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Watches & Wonders 2020: The Independents

This is a tough year for the entire industry, but these independent watchmakers are no pushovers.

Watches & Wonders 2020: The Independents

Anchor Image: H. Moser & Cie. Streamliner

Given the current climate of uncertainty, it takes courage to continue launching products when you don’t quite know if they will receive the attention that they will deserve. The pressure is particularly intense for the independent watchmakers of the world, whose production quantities are very limited, and business generally more precarious than the big watchmaking giants.

At this year’s Watches & Wonders, there were few independents who chose to go on with their launches as planned, but those that did launched some pretty impressive timepieces.


01 | H. Moser & Cie.

Normally producers of “very rare” minimalist dress watches (and the occasional tongue-in-cheek timepiece made of cheese), H. Moser & Cie. has chosen to expand its watchmaking vocabulary with the creation of an entirely new collection called the Streamliner, which incidentally also represents H. Moser’s first venture into the ultra-competitive luxury steel sports watch segment of the market.

The watch, which has an entirely new case, bracelet, movement, and dial, draws its inspiration from the sleek, aerodynamic trains of the 1920s and ‘30s. The inspiration is most evident in the rounded ergonomics of the cushion-shaped case and its integrated bracelet, whose wavy links also resemble many vintage watches from the 1970s and ‘80s. Moser’s signature fumé dial, racing track counters, and thick hands also add to that vintage legibility-first aesthetic.

The Streamliner was built with a flyback chronograph complication, with the two pushers unusually positioned at 10 and two o’clock instead of the usual two and four o’clock — the off-centre crown takes the four o’clock space instead. According to Moser, the Streamliner is also the world’s first automatic chronograph with a central display to feature a flyback function for the minutes and seconds. The integrated chronograph calibre housed inside the watch is no slouch and boasts a completely new construction that makes use of several watchmaking innovations. It was developed especially for Moser from scratch by Agenhor, a Swiss movement developer led by renowned watchmaker Jean-Marc Wiederrecht. As is characteristic of H. Moser & Cie., quantities of the Streamliner are very limited and only 100 are available worldwide.

Overall, we would say that H. Moser & Cie. has succeeded in creating an unusual and appealing proposition in a notoriously hard-to-crack segment of watchmaking.

02 | Laurent Ferrier

Yet another competitor in the hard-to-crack luxury sports watch segment is Laurent Ferrier, who is better known for creating classical watches with excellent mechanical movements. Its new Grand Sport Tourbillon is its version of a sporty luxury watch. Technically, the Grand Sport Tourbillon was first launched in May of last year with just 12 pieces on a rubber strap, but this year has seen the brand introduce a version on an integrated bracelet with a new dial colour — but also with just 12 pieces.

Design-wise, the Grand Sport Tourbillon features a 44mm stainless steel case topped with a cushion-shaped bezel and paired with the aforementioned integrated bracelet, designed with three rows of links. The overall design is simple and classic, but as always, the devil is in the details — note the impeccable adjacent vertical satin finishing and mirror polishing. The dial of the watch is blue, with darker hues around the edge, paired with orange Superluminova hands and indexes that contrast sharply but still lend a sophisticated look.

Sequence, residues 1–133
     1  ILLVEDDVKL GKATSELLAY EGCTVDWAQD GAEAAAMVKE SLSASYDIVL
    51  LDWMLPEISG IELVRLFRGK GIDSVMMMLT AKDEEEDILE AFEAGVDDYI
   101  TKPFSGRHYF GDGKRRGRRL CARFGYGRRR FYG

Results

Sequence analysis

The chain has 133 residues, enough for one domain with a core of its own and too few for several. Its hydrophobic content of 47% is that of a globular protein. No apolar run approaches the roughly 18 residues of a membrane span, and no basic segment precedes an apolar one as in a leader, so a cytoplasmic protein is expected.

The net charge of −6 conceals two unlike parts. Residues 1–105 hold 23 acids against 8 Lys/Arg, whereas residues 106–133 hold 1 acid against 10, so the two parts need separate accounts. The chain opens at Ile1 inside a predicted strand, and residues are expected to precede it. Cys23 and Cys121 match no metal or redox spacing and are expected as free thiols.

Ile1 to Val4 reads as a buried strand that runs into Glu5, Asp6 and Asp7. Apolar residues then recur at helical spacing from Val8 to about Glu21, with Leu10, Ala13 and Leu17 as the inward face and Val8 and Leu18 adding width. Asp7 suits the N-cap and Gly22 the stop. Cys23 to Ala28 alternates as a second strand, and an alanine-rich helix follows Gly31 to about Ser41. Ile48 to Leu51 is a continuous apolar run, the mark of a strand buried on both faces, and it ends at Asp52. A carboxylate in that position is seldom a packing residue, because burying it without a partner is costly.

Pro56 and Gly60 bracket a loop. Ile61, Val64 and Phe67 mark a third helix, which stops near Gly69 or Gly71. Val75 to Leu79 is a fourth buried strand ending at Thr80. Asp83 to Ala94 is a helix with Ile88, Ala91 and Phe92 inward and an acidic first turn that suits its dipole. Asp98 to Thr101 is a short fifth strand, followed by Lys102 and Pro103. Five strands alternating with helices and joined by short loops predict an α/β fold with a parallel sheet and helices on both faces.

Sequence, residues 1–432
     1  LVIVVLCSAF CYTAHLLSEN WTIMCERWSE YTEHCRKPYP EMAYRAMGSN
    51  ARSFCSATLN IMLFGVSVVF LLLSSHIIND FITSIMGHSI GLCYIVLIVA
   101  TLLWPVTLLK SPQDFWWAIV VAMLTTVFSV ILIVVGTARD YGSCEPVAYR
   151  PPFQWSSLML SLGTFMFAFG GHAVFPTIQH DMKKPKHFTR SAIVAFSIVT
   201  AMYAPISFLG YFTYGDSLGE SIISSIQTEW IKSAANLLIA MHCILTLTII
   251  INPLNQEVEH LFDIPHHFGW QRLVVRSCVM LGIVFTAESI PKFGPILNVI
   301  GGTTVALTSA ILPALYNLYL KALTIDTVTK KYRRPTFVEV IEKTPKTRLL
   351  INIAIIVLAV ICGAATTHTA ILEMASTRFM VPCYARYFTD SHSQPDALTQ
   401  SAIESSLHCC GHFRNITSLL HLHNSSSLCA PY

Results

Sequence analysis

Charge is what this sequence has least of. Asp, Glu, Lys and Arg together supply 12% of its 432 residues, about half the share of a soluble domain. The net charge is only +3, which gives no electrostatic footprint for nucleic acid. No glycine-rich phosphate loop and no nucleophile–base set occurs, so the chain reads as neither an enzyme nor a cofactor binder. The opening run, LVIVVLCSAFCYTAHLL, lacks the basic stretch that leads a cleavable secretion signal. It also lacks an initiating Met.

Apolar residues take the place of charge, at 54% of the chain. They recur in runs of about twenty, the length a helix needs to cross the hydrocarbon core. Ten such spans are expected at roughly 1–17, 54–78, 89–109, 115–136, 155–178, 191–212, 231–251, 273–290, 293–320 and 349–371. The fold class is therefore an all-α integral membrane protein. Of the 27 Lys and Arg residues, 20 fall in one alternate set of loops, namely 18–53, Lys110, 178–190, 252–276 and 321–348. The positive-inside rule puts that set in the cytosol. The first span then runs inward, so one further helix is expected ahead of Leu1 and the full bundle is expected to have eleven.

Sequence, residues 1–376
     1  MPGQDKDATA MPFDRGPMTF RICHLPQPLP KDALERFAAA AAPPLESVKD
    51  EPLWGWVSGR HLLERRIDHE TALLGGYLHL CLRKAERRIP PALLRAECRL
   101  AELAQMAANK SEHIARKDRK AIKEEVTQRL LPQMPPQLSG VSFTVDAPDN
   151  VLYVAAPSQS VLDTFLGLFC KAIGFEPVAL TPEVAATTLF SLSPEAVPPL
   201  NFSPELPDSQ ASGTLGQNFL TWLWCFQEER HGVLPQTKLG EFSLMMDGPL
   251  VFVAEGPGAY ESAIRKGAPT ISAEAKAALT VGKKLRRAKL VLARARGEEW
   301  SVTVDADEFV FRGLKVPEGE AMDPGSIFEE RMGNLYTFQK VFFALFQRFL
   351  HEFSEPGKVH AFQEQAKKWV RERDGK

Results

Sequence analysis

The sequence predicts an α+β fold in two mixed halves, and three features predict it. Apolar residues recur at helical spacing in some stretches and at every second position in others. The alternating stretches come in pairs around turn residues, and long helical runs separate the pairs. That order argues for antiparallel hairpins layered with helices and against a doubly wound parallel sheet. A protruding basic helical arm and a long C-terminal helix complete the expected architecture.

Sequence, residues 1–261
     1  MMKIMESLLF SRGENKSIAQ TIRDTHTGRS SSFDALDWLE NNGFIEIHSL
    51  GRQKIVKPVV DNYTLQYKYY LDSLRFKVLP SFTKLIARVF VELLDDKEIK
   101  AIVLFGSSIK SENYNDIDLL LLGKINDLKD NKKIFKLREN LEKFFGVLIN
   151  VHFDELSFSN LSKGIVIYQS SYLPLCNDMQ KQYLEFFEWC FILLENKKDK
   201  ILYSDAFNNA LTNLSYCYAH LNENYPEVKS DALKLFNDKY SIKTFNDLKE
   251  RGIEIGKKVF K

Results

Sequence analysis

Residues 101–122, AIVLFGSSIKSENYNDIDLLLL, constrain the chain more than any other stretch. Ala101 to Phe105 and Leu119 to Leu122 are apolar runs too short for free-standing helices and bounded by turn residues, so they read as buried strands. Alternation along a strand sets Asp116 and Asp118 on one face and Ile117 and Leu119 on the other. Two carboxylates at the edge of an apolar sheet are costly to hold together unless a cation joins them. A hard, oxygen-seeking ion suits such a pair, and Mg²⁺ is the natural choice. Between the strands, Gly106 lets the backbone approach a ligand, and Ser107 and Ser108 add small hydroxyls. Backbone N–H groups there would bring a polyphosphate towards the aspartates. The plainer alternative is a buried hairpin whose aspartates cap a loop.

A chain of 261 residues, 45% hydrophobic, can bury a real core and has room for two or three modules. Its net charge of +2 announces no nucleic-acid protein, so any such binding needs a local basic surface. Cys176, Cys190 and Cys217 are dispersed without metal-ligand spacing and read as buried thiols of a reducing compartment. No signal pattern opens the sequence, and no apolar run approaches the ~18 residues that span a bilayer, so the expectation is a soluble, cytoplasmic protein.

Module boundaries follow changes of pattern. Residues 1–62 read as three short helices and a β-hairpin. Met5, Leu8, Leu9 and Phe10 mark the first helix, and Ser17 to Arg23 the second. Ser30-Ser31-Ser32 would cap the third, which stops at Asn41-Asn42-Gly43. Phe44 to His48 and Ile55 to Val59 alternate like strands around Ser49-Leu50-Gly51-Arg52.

The calibre housed within the Grand Sport Tourbillon is, as with the initial release, the manual-winding LF 619.01, which is also found in the brand’s Classic Tourbillon — the winner of the 2010 GPHG for the year’s best men’s watch. And in case you’re wondering where the tourbillon is — you’ll have to turn over the watch to view it through the caseback. Laurent Ferrier’s discreet design DNA means that the tourbillon is prized more for its mechanical value, rather than its mesmerizing movement on the dial.

03 | Speake-Marin

Following the launch of the One&Two Openworked Hours & Minutes and the One&Two Openworked Dual Time in the last two years, it should probably come as no surprise that Speake-Marin has chosen to launch the third One&Two Openworked watch. This time, however, the chosen complication is the 60-second flying tourbillon.

The collection was named One&Two primarily because of the presence of the small seconds dial situated between one and two o’clock that has been present in every watch in the collection up to this point. In the new One&Two Openworked Tourbillon, it is the namesake complication that takes that spot, making Speake-Marin the only watchmaker that has its tourbillon positioned there. Technically speaking, having the tourbillon at that position creates complications for movement development, since the tourbillon cage has to first go through the time-setting module. It cannot be denied, however, that it is a visually interesting watch, particularly given the diagonal symmetry between the barrel and the rotor at 10 and five o’clock respectively.

The new movement has also been paired with a new version of Speake-Marin’s Picadilly case, which has now been modified to have the straps be integrated closer to the case and to further recess the crown within the case to improve its ergonomics. Plus, the case has been made thinner and compensated for with a boxed sapphire glass.

This timepiece won’t be for everyone, but for those who appreciate a good mechanical complication with unusual aesthetics, the Speake-Marin would make a decent proposition.

(Image: Speake-Marin)

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